West Berlin Stories – Part 3

Looking back it’s clear (to the extent that anything ever is) when I returned to Berlin in the fall of 1973, I was transiting from college to… whatever the future might be. I didn’t want to be in Richard Nixon’s America, though I was fortunate he had stopped drafting young men to fight in a deeply unpopular war precisely five months before. Given my very low lottery number, once my college deferment ended with graduation, had the draft continued I would have had to embark on the uncertain path of seeing whether the application for Conscientious Objector status I had filed would be approved and if so where I would have to offer Alternative Service. Altogether, having by then spent time in Britain, Denmark, and Germany and traveled widely elsewhere, I found Europe generally more appealing. In the case of Berlin, I was viscerally attracted by the fact that precisely there was the great epochal showdown between East and West, between capitalism and anti-capitalism (I won’t dignify the Stalinist trip with the label “socialism,” for reasons that should be historically obvious by now), between the two dominant claimants to planetary imperial hegemony, the Union of Soviet Socialist Republics, and the United States of America – in Berlin that showdown was visible, tangible, and literally concrete.

As Berlin had been at least since the time of Prussian King Fredrick the Great and as it is again now, West Berlin was probably the edgiest place in Germany, a place where the counter-culture thrived more than anywhere else. The fact that, because it was still an occupied city and not part of the west German Bundesrepublik, resident young men could not be conscripted into the Bundeswehr,  numerous young anti-establishment West Germans finagled their ways there. Frequently they managed this by matriculating at either the Freie Universität or the Technische Universität, which  added to the counter-cultural energy and buzz. There were alternative publishing houses, quasi-Marxist bookstores and coffee shops, and no end of Wohngemeinschaften, housing cooperatives, where people went together not only on the rent and upkeep, but shared cooking and social lives and sometimes each other, as well.

Friends in one of these co-ops turned me on to the fact that the British occupation force frequently hired civilians to do odd jobs for them and, unlike the Americans, were not so picky about taking on counter-culturally inclined strays like me. It took one visit to the Royal Army hiring office and I had a job working as a gardener on the southwestern outskirts of the city at a former Luftwaffe base. The base lay right up against the East German border on the (closed) road to Potsdam, in a village called Kladow. My co-workers were mostly Gastarbeiter from Turkey, along with a middle-aged former German soldier who’d never quite recovered from the war. We were supervised by another older German guy we called “Meister,” who was seldom sober, and who advised us when he was out of sorts that “under Adolf things were better.” I learned a lot. Obviously, I learned about gardening as, it being winter, I repaired greenhouse windows and shoveled fresh horse manure into flower beds, readying them for summer, among other not overly strenuous tasks. I also learned that some histories have long reaches, much longer even than the histories of central Europe and Scandinavia I was acquainted with.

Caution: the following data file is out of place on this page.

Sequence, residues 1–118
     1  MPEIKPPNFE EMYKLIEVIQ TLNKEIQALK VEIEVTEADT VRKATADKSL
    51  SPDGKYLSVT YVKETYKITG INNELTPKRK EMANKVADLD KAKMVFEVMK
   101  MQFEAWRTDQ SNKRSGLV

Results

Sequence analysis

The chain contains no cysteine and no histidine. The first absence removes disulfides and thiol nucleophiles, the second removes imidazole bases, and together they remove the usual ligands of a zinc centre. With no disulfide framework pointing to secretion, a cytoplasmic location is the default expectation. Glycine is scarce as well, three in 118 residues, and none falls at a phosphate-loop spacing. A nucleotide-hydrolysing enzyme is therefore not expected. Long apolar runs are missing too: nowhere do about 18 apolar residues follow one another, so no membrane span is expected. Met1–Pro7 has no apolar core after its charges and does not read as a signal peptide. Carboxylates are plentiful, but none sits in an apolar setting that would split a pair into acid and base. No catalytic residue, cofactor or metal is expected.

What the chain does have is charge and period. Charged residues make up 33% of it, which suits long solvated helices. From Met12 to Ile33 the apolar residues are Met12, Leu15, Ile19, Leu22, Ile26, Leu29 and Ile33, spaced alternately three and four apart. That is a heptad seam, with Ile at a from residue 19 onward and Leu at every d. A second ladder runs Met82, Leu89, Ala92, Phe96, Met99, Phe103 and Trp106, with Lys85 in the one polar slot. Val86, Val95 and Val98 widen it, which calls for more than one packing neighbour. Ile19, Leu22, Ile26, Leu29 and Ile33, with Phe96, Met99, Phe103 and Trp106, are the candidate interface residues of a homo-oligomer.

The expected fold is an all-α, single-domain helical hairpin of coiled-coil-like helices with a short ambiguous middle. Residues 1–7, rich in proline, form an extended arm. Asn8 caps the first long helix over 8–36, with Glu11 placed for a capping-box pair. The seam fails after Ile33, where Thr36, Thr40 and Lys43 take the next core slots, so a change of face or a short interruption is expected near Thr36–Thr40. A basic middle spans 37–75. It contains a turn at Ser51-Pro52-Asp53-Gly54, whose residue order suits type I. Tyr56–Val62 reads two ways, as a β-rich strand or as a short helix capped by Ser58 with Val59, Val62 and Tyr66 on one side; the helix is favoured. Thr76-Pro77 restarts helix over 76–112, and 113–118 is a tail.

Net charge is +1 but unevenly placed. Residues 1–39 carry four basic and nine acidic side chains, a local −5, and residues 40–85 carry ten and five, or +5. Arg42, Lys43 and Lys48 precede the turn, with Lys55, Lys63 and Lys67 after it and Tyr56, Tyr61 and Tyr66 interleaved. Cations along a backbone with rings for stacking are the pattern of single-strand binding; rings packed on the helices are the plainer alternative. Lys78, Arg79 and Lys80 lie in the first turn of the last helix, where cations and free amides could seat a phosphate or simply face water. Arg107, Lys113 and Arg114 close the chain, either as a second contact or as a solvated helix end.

Of the half dozen of us, I noticed one big guy, Mehmet, generally kept to himself, but frequently managed to get himself assigned to whatever tasks I was engaged with. I assumed he was simply intrigued by the fact I was American. He asked once “where is America anyway?” When I tried to explain it was on the other side of the Atlantic ocean I got a blank stare. When I tried to sketch a map showing Europe with a little tag to the southeast representing Turkey, and the Atlantic with North America on the other side, and fared no better, I discovered for the first time what illiteracy was about.

He had a Turkish passport, so, in my ignorance of the ethnic intricacies of the former Ottoman empire, I took him for a Turk. I noticed however, that the other Turks, who were friendly to me and even more so when Mehmet was lurking around, preferred socializing with the one young Greek on the team and wanted nothing to do with him. Uninformed as I was, I was nevertheless aware that Turks and Greeks generally despise each other, and found this odd. When I finally asked Mehmet what the deal was, he simply said “I’m a Kurd. They don’t like me.”A light bulb went off. Kurds. Pay attention. Who are they? What’s their story? That they were (and are still) the largest ethnic group in the world without their own country, disliked by Turks in Turkey, Sunnis in Iraq, and Shiites in Iran – whatever their differences among them – my awareness of this goes back to Mehmet telling me why the Turks on the team despised him as we shoveled manure side by side.

Scroll forward through the decades that followed, and when George Bush the First unleashed in 1991 the attack on Saddam Hussein’s Iraq called Operation Desert Storm and his son George Bush the Second followed up in 2003 with Operation Iraqi Freedom; along with all the other reasons there were to question the wisdom of these undertakings, I kept flashing back to Mehmet, muttering to myself “You don’t know what you’re getting into. These people have been tangling with each other for two or three thousand years. They’ll still be tangling when we decide we’ve had enough and leave.” Scroll forward to now, and when I try to make sense of what’s going on in Syria and why Russia and Turkey and Iran care so much and who’s on who’s side,  and what’s ISIS all about anyway, I find myself right back in Kladow, shoveling manure with Mehmet..